Speaking to CNN on Tuesday morning, Sen. Lindsey Graham (R-SC) floated the stunningly irresponsible possibility of throwing a debt ceiling crisis into the mix as congressional Republicans continue their effort to secure $5.7 billion worth of steel slats for Donald Trump without giving up anything in exchange.
“I think the president understands we need to raise the debt ceiling,” Graham said. “It comes due in March, so why not just expedite things” by throwing it into the mid-February deadline for funding the government.
In other words: Trump would be able to threaten not just a government shutdown but a default on the national debt to get his way.
Manu Raju and Clare Foran, writing for CNN, argue that Trump “could dare Democrats to block funding for the border wall and risk sending the country into default in the process.”
And apparently the idea is gaining some momentum in GOP circles.
Sen. Lamar Alexander tells me, outside GOP lunch, that there are ongoing talks among Senate Rs about possibly linking a debt-limit extension to any immigration package that emerges https://t.co/pTE7ZCpXIK
— Robert Costa (@costareports) January 29, 2019
Obviously Trump could do that. But it would be completely absurd to do so. For all the reasons that Democrats didn’t want to give in to Trump’s shutdown blackmail, they are not going to want to give in to debt ceiling blackmail either. Allowing a debt ceiling breach would be bad for the country, and if Trump caused it to happen, the voters would blame him, which suits Democrats just fine.
Hopefully, calmer voices will prevail and nobody will listen to Graham. But there’s a risk that Trump will find this idea persuasive and the country will end up in a very dangerous situation.
A very brief history of the debt ceiling
Once upon a time, whenever the federal government borrowed money, the bond issuance was specifically authorized by an act of Congress. But during World War I, American leaders decided this was too cumbersome and instituted a new policy whereby Congress would simply authorize such-and-such amount of borrowing and the Treasury would work out the details. Since this statutory debt ceiling wasn’t adjusted for inflation, economic growth, or the size of the population, it needed to be raised from time to time. In the era of the gold standard, deficits were normally low, and it wasn’t a big deal.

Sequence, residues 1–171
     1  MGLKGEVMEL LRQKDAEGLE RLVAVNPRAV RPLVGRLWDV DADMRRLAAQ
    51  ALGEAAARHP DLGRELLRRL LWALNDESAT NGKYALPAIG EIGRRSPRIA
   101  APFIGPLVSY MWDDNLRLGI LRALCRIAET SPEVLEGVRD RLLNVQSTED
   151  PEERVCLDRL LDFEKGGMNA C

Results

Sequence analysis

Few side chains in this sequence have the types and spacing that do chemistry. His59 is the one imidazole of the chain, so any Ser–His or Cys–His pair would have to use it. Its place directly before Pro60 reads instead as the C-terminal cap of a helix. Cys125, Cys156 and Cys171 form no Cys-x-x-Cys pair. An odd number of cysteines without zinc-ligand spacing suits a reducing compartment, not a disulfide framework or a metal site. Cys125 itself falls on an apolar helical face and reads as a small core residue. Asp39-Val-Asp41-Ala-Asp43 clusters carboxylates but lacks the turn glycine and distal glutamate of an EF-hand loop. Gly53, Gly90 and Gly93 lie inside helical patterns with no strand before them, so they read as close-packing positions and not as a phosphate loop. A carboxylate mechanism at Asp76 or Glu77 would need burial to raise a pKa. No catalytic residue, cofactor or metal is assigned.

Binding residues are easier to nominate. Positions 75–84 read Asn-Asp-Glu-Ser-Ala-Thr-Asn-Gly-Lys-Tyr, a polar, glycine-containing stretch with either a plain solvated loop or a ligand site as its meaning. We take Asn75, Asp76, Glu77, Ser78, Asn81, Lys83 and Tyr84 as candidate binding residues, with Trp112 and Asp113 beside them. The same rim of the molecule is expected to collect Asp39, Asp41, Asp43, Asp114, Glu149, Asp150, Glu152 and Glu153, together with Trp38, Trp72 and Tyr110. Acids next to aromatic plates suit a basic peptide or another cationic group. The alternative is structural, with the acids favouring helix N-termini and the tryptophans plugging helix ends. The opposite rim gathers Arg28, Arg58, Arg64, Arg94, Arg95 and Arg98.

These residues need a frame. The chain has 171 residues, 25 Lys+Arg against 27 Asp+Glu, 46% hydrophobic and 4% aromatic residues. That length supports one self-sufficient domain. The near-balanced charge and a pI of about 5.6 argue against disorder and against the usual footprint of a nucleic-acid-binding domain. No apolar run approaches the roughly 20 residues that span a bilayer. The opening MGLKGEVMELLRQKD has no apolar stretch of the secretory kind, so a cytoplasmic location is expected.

But after Richard Nixon ended the convertibility of the dollar to gold — and especially after Ronald Reagan’s tax cuts created an unprecedented peacetime deficit — the debt ceiling became a somewhat silly political football.
Congress establishes mandatory spending on programs like Social Security, Medicare, and Medicaid through the legislative process. There is, separately, an annual (or annual-ish) appropriations process by which Congress decides how much money the Pentagon and other discretionary agencies should spend in any given year. And separately from that, Congress every so often changes the tax code — which, combined with the ups and downs of economic life, determines how much money comes in.
The Treasury then sells bonds to make up the difference. But the selling of bonds does not by itself allow for any extra spending beyond what’s been authorized by law. All it does is prevent the federal government from reaching a calamitous situation in which it cannot pay bills that it is legally obligated to pay — including bills it owes to buyers of previous rounds of federal debt issuance.
Not raising the ceiling would be extremely foolish. But the need to raise it has traditionally offered opposition members of Congress an opportunity to do some grandstanding.
In 2006, first-term Sen. Barack Obama voted “no” on a debt ceiling increase. He didn’t actually attempt to argue that breaching the ceiling would be a good idea; he just voted no and then complained that “the fact that we are here today to debate raising America’s debt limit is a sign of leadership failure.”